10 Tips For Growing Roses in Upstate New York

How to Grow Roses

Appreciated for both their beauty and fragrance, roses are often a popular choice for home and estate gardeners alike. While they don’t take much more care to grow than other flowers, there are a few things you should know to help ensure their success in your garden.

  1. Bareroot vs. potted roses – You can purchase roses in two different forms: bareroot or potted. Which option you choose depends on your gardening expertise. Experienced gardeners may prefer bareroot roses, since there are generally more varieties to choose from, but more care is needed after planting. Potted roses are perfect for beginners since they are already well-established and easy to plant.
  2. Start with only a few varieties – There are over 150 species and 20,000 hybrid varieties of roses available, so it’s tempting to go all out and plant lots of different varieties. Starting with just a small assortment, however, will help you better match their colors and sizes to the space you have available.
  3. Prime location – Roses love sunshine, so be sure to plant them where they can get 6-8 hours of sunlight daily. Since NY winters can be harsh, planting your roses along a south-facing fence or wall can help minimize winter damage from freezing temperatures.
  4. Proper timing – Planting roses early in the spring, after the last frost, is ideal for giving them enough time to get established before the heat of the summer. Similarly, rose planting in the fall should be done several weeks before the anticipated first frost date to give them time to root before winter arrives.
  5. Soil and spacing – Roses like to be planted in holes deep enough to fully cover their roots, and in soils that drain well. In areas where multiple rose bushes will be installed, make sure to plant them far enough apart to allow for future growth.
  6. Fertilization – As with most plants, roses like to be fed well. This includes regular fertilization with compost and other natural fertilizers. Follow application instructions carefully and you will enjoy impressive blooms!
  7. Consistent water – Roses like to have water, but not stay too wet. They grow best when the water levels are consistent throughout the growing season. This means automatic watering, such as an irrigation system, may need to be adjusted during times of excess rainfall. Watering should also be done directly to the roots, avoiding the foliage whenever possible.
  8. Pruning – Regular pruning every spring is helpful to remove dead or damaged canes and promote plant health. For specific pruning questions, feel free to ask one of our garden center associates or have the pruning done by our landscape maintenance division.
  9. Prevent disease – Choose disease-resistant varieties and your work to keep them healthy will be much easier. Avoid diseases such as powdery mildew by watering at the roots and also keeping plants pruned back to allow for sufficient air flow around the foliage.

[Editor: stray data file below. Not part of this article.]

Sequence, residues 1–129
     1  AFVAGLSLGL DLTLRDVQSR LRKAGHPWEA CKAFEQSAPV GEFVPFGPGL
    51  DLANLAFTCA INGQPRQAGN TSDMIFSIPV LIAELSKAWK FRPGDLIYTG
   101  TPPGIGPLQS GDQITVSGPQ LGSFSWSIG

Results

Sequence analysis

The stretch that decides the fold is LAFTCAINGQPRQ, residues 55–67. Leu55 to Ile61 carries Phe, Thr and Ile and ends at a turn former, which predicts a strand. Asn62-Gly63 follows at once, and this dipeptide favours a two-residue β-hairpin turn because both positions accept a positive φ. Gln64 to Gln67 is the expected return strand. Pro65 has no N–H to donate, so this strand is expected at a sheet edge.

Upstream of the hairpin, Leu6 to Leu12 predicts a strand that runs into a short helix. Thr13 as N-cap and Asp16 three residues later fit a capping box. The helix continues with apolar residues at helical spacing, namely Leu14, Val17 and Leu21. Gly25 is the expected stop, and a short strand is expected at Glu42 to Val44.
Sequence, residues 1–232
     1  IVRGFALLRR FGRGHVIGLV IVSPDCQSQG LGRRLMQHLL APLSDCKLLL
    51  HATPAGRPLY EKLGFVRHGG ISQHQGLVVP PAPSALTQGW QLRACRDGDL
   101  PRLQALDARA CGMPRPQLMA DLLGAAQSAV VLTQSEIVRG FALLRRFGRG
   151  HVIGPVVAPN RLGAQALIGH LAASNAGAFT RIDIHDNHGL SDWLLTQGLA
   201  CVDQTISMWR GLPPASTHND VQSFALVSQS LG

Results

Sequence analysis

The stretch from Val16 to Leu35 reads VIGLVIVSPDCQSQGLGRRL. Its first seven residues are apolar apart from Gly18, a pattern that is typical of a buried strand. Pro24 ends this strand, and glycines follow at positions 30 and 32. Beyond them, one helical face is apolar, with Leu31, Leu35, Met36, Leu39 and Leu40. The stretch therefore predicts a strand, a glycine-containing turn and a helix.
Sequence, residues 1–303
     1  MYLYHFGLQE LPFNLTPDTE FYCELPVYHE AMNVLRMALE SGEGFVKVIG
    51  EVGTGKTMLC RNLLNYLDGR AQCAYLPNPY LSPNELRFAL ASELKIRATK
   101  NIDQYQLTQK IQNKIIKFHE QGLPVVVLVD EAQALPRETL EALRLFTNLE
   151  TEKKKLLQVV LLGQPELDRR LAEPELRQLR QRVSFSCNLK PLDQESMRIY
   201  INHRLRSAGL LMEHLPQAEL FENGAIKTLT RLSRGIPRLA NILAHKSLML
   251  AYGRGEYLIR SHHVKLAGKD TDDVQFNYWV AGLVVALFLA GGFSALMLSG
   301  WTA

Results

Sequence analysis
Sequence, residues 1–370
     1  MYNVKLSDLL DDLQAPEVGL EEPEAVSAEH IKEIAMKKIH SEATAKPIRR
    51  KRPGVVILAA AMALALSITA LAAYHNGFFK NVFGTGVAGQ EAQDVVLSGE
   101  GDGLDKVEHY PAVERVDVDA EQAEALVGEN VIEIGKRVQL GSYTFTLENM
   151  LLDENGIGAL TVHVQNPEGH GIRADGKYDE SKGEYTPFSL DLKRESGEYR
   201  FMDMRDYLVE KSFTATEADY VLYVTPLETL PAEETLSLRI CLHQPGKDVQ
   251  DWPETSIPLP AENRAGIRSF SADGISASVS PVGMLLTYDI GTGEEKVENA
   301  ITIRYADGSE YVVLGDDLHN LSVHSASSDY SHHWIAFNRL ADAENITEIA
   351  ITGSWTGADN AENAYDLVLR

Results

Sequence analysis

10. Display your results – Gardening isn’t any fun unless you have something to show for it. When your roses are blooming, don’t be afraid to cut some flowers to put in a vase or share with a friend. After all, they’re the flowers of love!

How to Care For a Christmas Cactus

maintaining a christmas cactus Indoor gardening is a popular pastime for many avid gardeners, especially in the Northeast where cold and snowy winters keep many of us inside for several months. Being able to keep something growing all year long, however, is a great way to beat the winter blues. Christmas cacti are an easy houseplant option.

Christmas Cactus Basics

Contrary to what their name would lead you to believe, Christmas cacti are not actually desert plants. They do like warmer daytime temperatures, but prefer a humid climate, not a dry, desert-like one. There are actually several different types of cacti with holiday names, including Christmas, Thanksgiving, and Easter cacti. They are differentiated by the appearance of their leaves and their typical bloom time.

Christmas Cactus Growing Conditions

Fortunately, Christmas cacti aren’t terribly picky about the soil in which they are planted. They do require proper drainage, however, so be sure their pot has drainage holes. When planted indoors, the cacti should have access to bright but indirect light and be kept at a daytime temperature of around 70 degrees F. Nighttime temperatures should be between 60 and 65 degrees F for ideal growing conditions.

Christmas Cactus Care

Although it is easy to grow, a Christmas cactus is not a plant-and-forget type of houseplant. You should check the soil periodically to be sure that it does not become too dry. Once the top inch of soil is dry to the touch, soak it until water comes out of the drainage holes in the bottom of the pot. You will want a drainage tray under the pot to catch excess water, but be sure the pot does not sit in water very long as the roots can rot. Proper watering is important all the time, but especially when the plant is flowering. Prior to and during bloom times, it is also important to keep the plant cool (around 60-65 degrees F). Just like other plants, Christmas cacti grow better when they are fertilized. From spring to early fall, you can feed them with a houseplant fertilizer every two weeks, reducing to once a month during fall and winter. Yearly pruning (typically in June) can also be done to encourage new growth, branching of stems, and more blooms. Whether you are new to indoor gardening, or you’re a seasoned expert, we are here to answer any questions you may have. Stop by our garden center to get your Christmas cactus and get growing!  

Deer‐Resistant Perennials and Useful Tips for Planting in the Northeast

You take pride in your landscaping and we take pride in ensuring you, our valued  customers, have a positive experience in creating beautiful areas on your property.